Navy Pier is generally full of bad food, tourists, and stores with rotating displays of keychains that have other people’s names on them. If you live in Chicago, you’ve probably been avoiding coming here. But eventually you’ll need to take your cousin visiting from Omaha on the ferris wheel, or the time will come when the only Imax theater showing Jurassic Park 7: Raptors in Space in 3D is the one at Navy Pier.
When these things happen, don’t panic. This guide has all the best places for eating and drinking nearby (i.e. within a 15-minute walk or five-minute car ride), and even some not-terrible places at the Pier itself.
The very best strategy for handling hunger at Navy Pier is to leave. Take a five-minute walk to The Purple Pig, which is still in a tourist-heavy area, but serves Mediterranean small plates so good they’re even worth a trip across town. If your cousin is still trying to find his way through The Amazing Maze when you get hungry, know that the bar at The Purple Pig is great for dining alone, too. You’ll be back before he’s done - hopefully.
Don’t let the fact that you’re on a pier fool you - you’re approximately 796 miles from the nearest ocean, and the big-name seafood restaurants at Navy Pier are truly terrible. Luckily, though, there’s also Fish Bar, the sit-down spot right next to Burger Bar. Order the shrimp and crawfish po’boy (it’s the same excellent sandwich that’s at the location in Lakeview), or the fried fish sandwich. And yes, you should get should get a shake here, too.
The Michigan Ave location of Billy Goat Tavern is a Chicago institution, and within walking distance of the Pier. But in case you’re here with a New Yorker who’s only accustomed to walking tiny city blocks, the Navy Pier outpost is an acceptable alternative. Whichever location you pick, make sure to order the double or the triple burger - the bun’s too thick for a single patty. Eat something iconic here and then do a lot of Chicago-y things, like riding the ferris wheel and trying to avoid being pick-pocketed.
Giordano’s is a deep dish pizza chain. While it’s not our favorite (that would be Lou Malnati’s, it’s still very satisfying. And this is a perfectly valid choice if you decide to stay at Navy Pier. The pizza here is stuffed deep dish, which means it’s double crusted, with tomato sauce on top and about 25 pounds of cheese inside. It also means you should probably avoid riding the Wave Swinger after eating it.
The original Original Rainbow Cone is in Beverly, and has been around since 1926. The Rainbow Cone stand at Navy Pier doesn’t have the same history, but it serves the same thing. That thing would be the rainbow cone itself, which has layers of chocolate, strawberry, Palmer house (vanilla with walnuts and cherries), and pistachio ice creams, plus orange sherbet. Just make sure that when you’re here, you get it in a dish instead of a cone - Navy Pier is hard enough to navigate without babysitting a melty, multi-layered ice cream cone through the crowd like a contestant on American Ninja Warrior.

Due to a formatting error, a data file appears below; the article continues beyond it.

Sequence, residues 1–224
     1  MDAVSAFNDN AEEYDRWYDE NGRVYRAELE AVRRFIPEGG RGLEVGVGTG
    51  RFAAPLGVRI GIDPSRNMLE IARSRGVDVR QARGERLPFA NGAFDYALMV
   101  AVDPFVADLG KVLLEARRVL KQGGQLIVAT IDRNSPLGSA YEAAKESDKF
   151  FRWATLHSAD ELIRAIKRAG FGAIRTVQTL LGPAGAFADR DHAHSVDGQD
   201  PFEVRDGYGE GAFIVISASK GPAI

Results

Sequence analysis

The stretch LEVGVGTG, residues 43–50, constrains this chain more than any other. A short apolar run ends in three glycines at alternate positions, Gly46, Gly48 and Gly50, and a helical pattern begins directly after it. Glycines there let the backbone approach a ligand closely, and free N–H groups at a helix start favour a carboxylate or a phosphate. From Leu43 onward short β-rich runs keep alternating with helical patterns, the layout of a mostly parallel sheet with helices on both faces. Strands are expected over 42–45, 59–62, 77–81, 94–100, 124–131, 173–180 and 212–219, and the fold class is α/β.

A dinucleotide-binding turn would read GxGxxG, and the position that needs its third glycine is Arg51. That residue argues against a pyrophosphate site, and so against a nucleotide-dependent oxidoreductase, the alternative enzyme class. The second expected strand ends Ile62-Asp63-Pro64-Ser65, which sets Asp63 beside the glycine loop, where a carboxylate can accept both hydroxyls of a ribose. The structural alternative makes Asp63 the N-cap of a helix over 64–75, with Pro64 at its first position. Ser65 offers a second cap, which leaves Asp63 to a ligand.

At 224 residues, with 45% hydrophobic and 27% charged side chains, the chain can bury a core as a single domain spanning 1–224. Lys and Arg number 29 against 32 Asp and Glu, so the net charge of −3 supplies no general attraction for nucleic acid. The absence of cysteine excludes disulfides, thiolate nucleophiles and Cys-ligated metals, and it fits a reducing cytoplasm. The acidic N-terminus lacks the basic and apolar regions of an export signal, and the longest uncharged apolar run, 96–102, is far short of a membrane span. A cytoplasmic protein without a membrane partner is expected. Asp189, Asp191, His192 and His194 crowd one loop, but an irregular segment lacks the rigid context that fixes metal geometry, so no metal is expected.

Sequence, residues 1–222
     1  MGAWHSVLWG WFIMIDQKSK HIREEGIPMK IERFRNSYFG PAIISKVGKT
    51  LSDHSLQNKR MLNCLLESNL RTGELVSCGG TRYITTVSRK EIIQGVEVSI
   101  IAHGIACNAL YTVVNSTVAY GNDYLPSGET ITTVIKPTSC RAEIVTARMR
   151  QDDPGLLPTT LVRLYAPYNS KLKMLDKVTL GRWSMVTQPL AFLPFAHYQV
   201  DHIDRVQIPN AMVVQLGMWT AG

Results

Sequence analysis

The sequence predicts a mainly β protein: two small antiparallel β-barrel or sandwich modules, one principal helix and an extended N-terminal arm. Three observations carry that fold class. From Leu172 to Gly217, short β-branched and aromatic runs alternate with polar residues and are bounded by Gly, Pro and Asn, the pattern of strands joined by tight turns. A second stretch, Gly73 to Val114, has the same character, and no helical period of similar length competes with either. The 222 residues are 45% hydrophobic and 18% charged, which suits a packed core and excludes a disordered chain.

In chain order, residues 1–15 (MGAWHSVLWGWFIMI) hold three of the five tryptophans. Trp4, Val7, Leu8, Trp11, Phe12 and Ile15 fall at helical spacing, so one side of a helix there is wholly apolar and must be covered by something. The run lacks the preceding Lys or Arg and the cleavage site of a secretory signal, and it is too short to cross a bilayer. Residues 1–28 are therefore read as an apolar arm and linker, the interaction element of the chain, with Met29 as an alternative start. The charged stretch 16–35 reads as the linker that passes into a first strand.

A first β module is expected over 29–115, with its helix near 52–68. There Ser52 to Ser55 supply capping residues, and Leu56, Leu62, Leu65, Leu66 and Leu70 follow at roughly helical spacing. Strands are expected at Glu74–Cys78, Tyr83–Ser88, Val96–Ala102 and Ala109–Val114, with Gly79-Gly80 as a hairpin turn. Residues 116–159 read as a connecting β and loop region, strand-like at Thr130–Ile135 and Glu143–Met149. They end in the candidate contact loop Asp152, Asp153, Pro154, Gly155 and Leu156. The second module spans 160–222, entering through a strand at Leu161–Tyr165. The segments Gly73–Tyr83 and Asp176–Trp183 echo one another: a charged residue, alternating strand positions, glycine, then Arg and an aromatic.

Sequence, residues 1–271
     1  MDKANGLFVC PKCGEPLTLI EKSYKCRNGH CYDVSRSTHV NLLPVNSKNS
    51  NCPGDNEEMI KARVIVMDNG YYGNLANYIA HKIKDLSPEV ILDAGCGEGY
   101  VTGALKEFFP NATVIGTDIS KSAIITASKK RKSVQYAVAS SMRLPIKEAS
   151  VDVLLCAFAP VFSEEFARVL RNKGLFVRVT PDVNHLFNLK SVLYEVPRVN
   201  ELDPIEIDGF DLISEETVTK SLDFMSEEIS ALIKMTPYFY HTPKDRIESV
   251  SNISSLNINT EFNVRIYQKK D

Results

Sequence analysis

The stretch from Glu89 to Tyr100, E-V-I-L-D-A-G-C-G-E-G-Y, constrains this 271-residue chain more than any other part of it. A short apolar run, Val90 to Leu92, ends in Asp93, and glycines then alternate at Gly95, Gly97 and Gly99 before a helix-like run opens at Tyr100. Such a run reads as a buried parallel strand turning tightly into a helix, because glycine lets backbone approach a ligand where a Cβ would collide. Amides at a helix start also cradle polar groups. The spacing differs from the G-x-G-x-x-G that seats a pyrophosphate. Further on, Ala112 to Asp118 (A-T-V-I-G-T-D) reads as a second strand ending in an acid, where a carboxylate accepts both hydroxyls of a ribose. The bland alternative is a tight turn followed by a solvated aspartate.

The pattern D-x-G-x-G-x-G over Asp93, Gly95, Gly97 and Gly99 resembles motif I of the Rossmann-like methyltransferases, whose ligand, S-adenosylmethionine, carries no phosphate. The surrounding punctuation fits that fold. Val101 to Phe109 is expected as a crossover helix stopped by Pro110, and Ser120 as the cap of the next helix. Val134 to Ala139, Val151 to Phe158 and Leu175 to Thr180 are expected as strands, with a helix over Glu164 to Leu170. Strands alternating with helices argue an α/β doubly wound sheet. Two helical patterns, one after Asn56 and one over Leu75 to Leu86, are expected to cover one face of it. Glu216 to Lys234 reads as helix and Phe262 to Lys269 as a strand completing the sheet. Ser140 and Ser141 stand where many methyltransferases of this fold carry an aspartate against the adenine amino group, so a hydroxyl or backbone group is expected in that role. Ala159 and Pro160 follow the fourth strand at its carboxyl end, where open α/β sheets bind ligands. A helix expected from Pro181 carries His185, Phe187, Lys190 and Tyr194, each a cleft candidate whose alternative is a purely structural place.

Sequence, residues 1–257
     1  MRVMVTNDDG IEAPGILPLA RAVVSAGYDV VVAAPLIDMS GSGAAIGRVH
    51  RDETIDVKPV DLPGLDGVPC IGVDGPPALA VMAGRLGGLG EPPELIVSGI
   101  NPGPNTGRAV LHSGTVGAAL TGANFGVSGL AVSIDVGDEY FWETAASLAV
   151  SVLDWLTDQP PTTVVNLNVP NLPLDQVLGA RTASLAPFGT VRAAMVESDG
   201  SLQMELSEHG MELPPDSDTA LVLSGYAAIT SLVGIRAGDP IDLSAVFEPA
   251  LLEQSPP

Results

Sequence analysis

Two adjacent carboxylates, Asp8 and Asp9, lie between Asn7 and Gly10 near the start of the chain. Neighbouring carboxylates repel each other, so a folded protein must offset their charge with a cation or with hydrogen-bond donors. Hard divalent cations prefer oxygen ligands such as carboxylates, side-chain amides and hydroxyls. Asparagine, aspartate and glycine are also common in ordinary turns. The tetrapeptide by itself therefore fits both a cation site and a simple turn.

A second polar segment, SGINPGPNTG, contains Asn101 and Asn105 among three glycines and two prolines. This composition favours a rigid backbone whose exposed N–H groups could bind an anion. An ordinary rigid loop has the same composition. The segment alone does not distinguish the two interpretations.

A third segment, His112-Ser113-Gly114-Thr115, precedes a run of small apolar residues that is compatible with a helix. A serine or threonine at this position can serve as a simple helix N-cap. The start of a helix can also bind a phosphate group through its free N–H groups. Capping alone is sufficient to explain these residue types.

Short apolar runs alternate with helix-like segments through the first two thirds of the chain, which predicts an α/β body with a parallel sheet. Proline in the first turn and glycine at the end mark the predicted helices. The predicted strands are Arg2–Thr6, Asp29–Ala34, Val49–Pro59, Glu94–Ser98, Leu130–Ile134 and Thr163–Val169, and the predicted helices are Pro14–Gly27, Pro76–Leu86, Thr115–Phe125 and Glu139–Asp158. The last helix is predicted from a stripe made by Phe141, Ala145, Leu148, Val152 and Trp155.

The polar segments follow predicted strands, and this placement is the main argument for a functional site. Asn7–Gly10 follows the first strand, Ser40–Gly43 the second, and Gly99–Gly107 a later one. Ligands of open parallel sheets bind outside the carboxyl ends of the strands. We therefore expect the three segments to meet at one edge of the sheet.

Ron of Japan is about four blocks away from Navy Pier. It’s a lot like a Benihana, but more of a local micro-chain (the other location is in Northbrook). Given the location, it actually has fewer tourists and giant groups than you might expect, but it’s still really lively, and everyone will have a good time - you’ll be sitting at a communal table as you watch the chef flip shrimp tails into his hat. No guarantee he’ll flip them into anyone’s new “I Love Chicago” hoodie, though.
You got ice cream at Rainbow Cone before your movie at the Imax, and then you ate a $72 box of popcorn supplemented with some Junior Mints. If you’re still hungry, you might be in the mood for something kind of healthy. Walk to the Streeterville Beatrix, where you’ll find plenty of salads, plus entrees ranging from chili and chocolate glazed salmon to a cauliflower steak.
Let’s get this out of the way - the food here isn’t great. That being said, there are worse places to eat at Navy Pier. Tiny Tavern’s menu has gastropub-style appetizers like truffle fries and cheese curds, and there’s also a long cocktail list with drinks like the “Sobourban” (bourbon, amaro, orange liqueur, and ginger beer). It’s good enough for killing time with the overseas colleagues you’re entertaining before that boat cruise - the cocktails here on land are better, and they should really have some fried cheese while they’re in the Midwest, anyway.
After spending time at Chicago’s version of the Mall of America, it might be nice to balance everything out with some culture. Do so at Marisol in the MCA. It’s the spot on this list that’s the furthest from Navy Pier (an 18-minute walk, or six-minute drive), but it’s an excellent restaurant, and it’s still close enough that you should know about it. You’ll find things like sunflower seed hummus, housemade pastas, and a fried quail with date honey that tastes like a fancy version of chicken and waffles. Plus, Marisol is right next to Water Tower Place, just in case you (or the people you’re with) haven’t had enough of Chicago malls for one day.